What is Acupuncture?

As of October 2014: no pregnancy yet.

I have been friends with needles since the day I was diagnosed with APAS. So when two of my friends suggested that I undergo acupuncture, I didn’t bat an eyelid. Needles? Meh!

Acupuncture is said to help with fertility in both men and women.

According to MedicineNet, some couples are trying acupuncture to boost fertility. There is research to indicate acupuncture might improve uterine blood circulation, help regulate ovulation, increase sperm count, and improve rates of success with IVF.

 In the same website, acupuncture is described as a component of the health care system of China that can be traced back at least 2,500 years. The general theory of acupuncture is based on the premise that there are patterns of energy flow (Qi) through the body that are essential for health. Disruptions of this flow are believed to be responsible for disease. Acupuncture may, it has been theorized, correct imbalances of flow at identifiable points close to the skin.

So, I visited St. Francis Natural Health Care at #19 Panay Avenue in Quezon City. I was referred to Sr. Regina Liu (her Chinese name is Shengrong Liu). Sr. She has been practicing Chinese medicine for more than twenty years and took her master’s degree in Traditional Chinese Medicine from the Academy of Chinese Culture and Health Sciences in Oakland, California. She is a California-licensed acupuncturist and herbalist.

Acupuncture is not only for fertility. There were other patients there who suffer from insomnia and other body aches.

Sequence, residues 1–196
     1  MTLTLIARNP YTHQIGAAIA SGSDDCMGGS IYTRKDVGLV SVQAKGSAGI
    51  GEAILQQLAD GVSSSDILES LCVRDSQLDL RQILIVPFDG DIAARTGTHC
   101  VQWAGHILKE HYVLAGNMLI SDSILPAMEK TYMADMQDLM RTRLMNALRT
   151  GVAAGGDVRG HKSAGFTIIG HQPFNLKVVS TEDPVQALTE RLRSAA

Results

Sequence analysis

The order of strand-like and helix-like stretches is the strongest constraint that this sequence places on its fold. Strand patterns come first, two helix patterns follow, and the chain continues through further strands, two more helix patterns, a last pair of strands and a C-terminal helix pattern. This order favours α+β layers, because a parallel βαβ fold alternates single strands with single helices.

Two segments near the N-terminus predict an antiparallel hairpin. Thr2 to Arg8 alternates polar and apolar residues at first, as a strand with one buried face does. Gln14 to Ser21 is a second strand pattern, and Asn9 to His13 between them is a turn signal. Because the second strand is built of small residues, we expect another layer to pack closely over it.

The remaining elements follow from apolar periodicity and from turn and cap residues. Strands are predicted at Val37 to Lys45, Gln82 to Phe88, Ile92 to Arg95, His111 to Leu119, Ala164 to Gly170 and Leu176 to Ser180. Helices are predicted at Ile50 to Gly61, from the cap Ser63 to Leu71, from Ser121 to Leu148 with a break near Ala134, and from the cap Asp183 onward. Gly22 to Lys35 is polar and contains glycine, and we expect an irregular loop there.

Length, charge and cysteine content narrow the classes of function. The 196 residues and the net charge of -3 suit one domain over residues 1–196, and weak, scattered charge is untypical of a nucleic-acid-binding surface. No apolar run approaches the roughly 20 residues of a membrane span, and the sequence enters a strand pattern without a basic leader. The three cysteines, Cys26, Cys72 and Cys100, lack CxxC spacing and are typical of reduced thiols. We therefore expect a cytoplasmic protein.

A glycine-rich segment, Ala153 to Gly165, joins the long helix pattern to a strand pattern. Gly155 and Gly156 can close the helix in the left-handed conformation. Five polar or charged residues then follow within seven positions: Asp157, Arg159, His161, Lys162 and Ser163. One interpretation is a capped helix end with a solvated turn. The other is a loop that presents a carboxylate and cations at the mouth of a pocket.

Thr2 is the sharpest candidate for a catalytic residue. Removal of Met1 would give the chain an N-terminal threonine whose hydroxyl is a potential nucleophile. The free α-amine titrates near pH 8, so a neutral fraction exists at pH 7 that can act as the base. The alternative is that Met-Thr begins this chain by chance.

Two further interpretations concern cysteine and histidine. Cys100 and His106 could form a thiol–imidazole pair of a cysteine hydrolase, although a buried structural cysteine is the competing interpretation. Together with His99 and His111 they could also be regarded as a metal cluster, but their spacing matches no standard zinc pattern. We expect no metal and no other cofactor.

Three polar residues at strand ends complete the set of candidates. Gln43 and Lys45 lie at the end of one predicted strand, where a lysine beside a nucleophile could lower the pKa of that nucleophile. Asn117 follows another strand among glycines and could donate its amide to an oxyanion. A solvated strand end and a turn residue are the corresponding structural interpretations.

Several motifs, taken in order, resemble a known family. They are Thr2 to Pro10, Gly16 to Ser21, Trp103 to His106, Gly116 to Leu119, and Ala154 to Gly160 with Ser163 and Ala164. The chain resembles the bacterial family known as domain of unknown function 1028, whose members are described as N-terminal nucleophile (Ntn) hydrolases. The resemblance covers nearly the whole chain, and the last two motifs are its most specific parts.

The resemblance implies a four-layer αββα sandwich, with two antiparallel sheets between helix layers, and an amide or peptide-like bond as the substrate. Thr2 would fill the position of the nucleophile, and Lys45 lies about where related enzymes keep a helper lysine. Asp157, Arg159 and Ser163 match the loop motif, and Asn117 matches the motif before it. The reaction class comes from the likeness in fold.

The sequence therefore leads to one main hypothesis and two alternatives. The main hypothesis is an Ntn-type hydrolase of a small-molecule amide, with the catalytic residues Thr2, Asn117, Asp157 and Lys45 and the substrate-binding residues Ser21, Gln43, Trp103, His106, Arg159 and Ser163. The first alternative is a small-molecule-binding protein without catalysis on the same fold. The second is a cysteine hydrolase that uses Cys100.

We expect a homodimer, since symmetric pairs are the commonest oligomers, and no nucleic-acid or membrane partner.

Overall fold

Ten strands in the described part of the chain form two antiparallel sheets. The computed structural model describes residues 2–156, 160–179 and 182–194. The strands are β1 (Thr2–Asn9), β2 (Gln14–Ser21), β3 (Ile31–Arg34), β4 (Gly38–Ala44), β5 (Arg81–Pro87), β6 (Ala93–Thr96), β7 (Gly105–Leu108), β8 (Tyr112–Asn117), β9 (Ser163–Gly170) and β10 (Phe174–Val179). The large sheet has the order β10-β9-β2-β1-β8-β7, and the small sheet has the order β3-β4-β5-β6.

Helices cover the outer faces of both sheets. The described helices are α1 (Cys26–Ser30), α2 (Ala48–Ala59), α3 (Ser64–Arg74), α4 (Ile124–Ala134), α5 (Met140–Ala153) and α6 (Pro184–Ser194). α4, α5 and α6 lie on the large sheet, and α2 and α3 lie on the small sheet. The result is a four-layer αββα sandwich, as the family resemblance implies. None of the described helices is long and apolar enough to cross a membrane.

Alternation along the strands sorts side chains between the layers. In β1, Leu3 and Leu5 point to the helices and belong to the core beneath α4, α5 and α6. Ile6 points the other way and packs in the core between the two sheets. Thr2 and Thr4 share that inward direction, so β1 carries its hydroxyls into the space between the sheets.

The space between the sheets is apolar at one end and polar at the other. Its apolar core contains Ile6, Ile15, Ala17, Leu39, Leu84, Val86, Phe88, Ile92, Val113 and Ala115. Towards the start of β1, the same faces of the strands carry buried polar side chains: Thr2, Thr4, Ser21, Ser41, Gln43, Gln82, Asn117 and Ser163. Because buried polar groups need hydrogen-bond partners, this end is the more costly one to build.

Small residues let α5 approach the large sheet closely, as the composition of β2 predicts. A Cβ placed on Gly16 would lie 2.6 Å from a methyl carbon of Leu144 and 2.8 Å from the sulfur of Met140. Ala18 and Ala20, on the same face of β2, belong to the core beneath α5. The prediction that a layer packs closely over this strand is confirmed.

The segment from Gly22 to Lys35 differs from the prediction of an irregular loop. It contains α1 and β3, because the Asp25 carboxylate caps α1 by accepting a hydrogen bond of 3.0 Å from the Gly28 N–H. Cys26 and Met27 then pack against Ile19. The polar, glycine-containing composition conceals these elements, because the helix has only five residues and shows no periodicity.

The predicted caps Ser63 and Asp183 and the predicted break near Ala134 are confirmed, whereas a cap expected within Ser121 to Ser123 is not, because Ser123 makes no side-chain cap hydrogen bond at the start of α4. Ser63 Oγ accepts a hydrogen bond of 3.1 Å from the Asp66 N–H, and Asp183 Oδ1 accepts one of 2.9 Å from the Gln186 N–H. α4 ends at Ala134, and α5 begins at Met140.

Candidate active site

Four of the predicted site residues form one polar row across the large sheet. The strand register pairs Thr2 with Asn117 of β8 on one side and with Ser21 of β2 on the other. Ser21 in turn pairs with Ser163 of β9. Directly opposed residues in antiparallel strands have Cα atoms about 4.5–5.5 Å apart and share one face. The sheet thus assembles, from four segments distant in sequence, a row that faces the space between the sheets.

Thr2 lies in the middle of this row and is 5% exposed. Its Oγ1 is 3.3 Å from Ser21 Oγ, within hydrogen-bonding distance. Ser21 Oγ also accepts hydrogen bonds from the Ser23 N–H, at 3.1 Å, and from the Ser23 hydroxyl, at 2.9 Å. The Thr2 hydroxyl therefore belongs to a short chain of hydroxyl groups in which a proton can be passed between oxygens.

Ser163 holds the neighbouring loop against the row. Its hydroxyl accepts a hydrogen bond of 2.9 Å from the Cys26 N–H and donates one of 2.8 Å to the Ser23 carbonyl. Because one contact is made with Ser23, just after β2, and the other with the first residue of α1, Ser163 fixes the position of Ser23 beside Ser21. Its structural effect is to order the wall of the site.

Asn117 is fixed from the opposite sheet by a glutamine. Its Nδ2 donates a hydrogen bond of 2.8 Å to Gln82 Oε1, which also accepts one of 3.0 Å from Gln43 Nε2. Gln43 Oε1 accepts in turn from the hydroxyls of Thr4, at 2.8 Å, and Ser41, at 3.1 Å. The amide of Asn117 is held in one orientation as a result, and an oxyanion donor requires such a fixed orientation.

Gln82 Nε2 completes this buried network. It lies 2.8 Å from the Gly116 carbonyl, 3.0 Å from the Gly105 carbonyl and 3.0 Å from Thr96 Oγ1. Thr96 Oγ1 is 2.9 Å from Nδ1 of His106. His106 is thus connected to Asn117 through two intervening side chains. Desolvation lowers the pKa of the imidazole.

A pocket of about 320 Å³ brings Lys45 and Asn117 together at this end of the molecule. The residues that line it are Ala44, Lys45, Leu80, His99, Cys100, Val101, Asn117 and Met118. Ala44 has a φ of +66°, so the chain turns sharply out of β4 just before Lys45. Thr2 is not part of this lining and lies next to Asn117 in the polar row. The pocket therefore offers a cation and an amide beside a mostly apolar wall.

St. Francis Natural Health Care has been operating for around ten years now. You have to book your appointment because there’s a long list of clients especially for Sr. Regina. I was asked to fill out three pages of medical background.

I arrived a little early for my appointment so I drove first to a Mcdo nearby to have my lunch. When I went back, I was ushered to the cubicles where they hold the treatments. In Sr. Regina’s cube, there were pictures of babies hanging on the walls. Aww…

These were the acupuncture paraphernalia. All needles are new and they sterilize the areas to be “pricked” on with alcohol, similar to the hospitals.

Acupuncture needles are really puny in terms of diameter. They are almost 10% in size compared to the normal medical syringe.

Sr. Regina asked me several medical histories and checked if I brought my medical records. I didn’t though but I promised to bring it on my next visit. She is very familiar with APAS. I didn’t have to explain anymore my condition which was a BIG relief.

And so, the procedure. I had four needles on the head (possibly for my migraines) –

Then five on my stomach, two on my legs and two on my toes. They put Moxa (Chinese herb) on the two needles on near my legs and lit it up like incense sticks.

There was also a heat lamp placed on top of my abdomen which heated in comfortably. In my research, these lamps are called Thermal Design Power or (TDP) lamps and are far infrared heating devices used to accelerate natural healing processes.

My first visit cost me PHP1,950. I was told that the next visit would be around PHP700 (this I have to confirm on my next visit hopefully on Saturday) –

What did I feel after the procedure? Significantly lighter. On the night, I felt all the gas coming out of my body (gross, sorry, TMI). However, I was quite worried about the many things Sr. Regina told me to do. Haha.
  1. Drink less cold drinks. You should always keep the body warm; therefore:
  2. Drink a lot of soup.
  3. Sleep by 10:30 PM. She scolded me because I still sleep at around 12 midnight even if I have no work anymore. She told me I should rest and should let the body recuperate and be in deep sleep from 11:00 PM to 3:00 AM. Sleeping late affects fertility.
  4. Avoid raw veggies, fish, and meats.
  5. Drink warm water.
So there. New to-do’s for me which I can barely keep up with (especially the sleeping part). But yes, as with all the rest of my experience with APAS, you have to do what you have to do.

How about you, loves? Have you tried acupuncture? How was it for you? 

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